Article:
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One-on-one with Anita Hill: 30 years after her testimony

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Anita Hill

EAU CLAIRE (WQOW) -- Oct. 11 marked 30 years since Supreme Court Justice Clarence Thomas began his hearings to be appointed to the bench on the nation's highest court. 

One woman during those hearings became a household name and a face for survivors of sexual violence, Anita Hill. In 1991 she testified against Thomas in front of an all-male senate panel accusing the then Supreme Court nominee of unwanted advances and lewd comments when she worked for him. 

News 18 spoke one-on-one with Hill and asked her what has, and hasn't changed since those hearings. 

"Activism has increased, awareness has increased and in some places work places have actually changed," Hill told News 18. "However what hasn't changed is the huge number of incidences of gender-based violence that have really impacted every institution in our country."

The United Nations defines gender-based violence as any act of gender-based violence that results in, or is likely to result in physical, sexual or psychological harm or suffering whether occurring in public or private. 

Hill also said that she believes justice for survivors will only come when our leaders acknowledge the toxicity of gender-based violence and it's impact on the nation. Also adding that they then need to commit to doing something about it.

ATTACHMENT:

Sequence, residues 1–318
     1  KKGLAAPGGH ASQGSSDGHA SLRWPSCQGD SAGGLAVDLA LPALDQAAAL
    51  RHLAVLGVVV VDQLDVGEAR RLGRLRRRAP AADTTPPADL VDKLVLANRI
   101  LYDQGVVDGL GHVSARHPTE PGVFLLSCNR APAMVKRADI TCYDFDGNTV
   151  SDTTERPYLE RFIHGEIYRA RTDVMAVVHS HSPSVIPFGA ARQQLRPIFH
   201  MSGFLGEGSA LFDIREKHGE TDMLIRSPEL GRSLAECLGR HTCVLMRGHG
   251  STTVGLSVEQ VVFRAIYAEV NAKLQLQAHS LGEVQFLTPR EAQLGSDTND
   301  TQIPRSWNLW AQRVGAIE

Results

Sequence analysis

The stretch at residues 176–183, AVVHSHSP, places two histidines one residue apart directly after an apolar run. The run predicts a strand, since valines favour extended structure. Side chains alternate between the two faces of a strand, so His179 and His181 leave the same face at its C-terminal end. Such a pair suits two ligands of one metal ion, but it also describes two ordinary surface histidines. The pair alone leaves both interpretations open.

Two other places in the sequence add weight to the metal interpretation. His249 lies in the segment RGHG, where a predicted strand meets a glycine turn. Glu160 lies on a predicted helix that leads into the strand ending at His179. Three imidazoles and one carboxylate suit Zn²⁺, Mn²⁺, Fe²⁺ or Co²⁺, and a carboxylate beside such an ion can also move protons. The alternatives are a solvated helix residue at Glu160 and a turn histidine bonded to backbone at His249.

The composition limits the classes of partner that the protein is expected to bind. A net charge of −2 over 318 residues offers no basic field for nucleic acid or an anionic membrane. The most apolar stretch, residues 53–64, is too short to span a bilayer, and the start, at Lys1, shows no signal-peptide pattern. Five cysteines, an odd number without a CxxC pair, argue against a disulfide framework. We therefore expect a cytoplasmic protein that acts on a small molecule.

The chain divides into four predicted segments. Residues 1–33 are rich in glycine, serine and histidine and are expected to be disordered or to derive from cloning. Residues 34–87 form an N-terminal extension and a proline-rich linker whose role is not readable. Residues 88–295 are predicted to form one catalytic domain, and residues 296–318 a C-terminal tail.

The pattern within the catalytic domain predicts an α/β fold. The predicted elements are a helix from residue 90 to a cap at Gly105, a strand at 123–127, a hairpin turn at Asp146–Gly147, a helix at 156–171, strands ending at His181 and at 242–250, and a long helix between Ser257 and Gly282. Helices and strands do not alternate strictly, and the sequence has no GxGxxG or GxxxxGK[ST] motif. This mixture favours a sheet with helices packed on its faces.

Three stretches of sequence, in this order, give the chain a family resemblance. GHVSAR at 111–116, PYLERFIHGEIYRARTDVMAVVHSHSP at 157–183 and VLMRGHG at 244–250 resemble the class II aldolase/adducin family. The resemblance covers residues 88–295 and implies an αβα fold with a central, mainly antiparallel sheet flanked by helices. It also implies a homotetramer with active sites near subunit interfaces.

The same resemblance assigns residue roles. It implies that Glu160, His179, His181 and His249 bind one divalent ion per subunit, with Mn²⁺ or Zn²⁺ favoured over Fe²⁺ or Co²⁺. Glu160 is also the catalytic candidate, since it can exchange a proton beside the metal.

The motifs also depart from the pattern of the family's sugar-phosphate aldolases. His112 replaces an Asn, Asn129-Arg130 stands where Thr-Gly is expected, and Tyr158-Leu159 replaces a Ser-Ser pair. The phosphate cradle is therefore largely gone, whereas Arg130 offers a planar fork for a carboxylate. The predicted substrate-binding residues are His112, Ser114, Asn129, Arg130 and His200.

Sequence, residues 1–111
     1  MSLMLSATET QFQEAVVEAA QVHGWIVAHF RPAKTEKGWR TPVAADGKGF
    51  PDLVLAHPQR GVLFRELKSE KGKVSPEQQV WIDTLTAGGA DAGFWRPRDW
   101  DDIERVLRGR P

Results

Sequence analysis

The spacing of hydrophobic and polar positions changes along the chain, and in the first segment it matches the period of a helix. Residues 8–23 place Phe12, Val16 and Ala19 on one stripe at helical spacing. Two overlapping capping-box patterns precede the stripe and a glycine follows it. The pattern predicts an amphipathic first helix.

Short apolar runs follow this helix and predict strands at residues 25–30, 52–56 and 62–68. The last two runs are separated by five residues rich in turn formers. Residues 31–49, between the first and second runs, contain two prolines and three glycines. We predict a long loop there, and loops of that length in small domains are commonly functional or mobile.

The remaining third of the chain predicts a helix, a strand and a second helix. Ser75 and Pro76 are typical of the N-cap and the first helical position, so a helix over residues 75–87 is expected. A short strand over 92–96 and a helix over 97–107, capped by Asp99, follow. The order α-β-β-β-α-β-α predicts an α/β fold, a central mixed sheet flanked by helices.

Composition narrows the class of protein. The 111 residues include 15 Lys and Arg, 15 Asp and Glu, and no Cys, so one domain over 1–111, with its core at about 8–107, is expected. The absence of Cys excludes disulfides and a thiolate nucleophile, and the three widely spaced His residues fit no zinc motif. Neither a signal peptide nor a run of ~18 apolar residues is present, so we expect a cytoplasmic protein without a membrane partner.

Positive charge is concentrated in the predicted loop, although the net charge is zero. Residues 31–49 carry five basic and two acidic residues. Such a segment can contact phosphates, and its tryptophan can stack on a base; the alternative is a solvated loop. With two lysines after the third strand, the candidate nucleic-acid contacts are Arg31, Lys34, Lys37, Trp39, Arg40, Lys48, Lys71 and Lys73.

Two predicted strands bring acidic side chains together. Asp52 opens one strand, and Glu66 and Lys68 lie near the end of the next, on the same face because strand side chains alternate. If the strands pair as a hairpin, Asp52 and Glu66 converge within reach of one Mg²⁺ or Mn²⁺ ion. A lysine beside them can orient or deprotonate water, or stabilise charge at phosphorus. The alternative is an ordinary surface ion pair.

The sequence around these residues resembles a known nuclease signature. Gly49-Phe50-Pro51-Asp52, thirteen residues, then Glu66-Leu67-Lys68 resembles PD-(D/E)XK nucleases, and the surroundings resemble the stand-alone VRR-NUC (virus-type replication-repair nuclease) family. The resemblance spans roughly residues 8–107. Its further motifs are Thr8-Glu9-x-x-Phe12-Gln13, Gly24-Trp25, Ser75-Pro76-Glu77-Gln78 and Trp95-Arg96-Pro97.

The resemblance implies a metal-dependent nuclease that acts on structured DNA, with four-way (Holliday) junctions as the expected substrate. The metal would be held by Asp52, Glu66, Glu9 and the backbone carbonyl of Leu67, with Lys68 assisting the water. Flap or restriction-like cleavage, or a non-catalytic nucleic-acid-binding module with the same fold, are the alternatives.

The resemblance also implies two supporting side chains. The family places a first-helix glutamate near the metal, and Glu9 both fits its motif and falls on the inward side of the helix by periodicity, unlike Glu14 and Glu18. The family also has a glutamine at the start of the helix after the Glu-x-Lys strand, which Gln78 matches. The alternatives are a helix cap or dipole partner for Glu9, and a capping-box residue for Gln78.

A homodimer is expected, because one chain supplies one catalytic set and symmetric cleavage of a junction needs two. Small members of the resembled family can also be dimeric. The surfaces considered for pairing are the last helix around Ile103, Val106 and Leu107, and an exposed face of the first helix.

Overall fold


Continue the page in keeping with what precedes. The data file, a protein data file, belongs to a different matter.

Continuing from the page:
News 18 also asked her what she thinks President Biden, who led those hearings in 1991 and offered her an apology for his role before the 2020 election, should be doing to commit to the problem. 

"Right now, we know that gender-based violence effects people's housing, it effects the jobs, it effects education, it effects their interaction with the criminal justice system and the civil justice system," said Hill. "So we need to be looking at all of these areas in the federal government and coming together with an agenda that is informed by the experience of survivors and victims."

Hill published a book tackling the country's long reckoning with this type of violence since her testimony in 1991. The book titled "Believing" is available now.  

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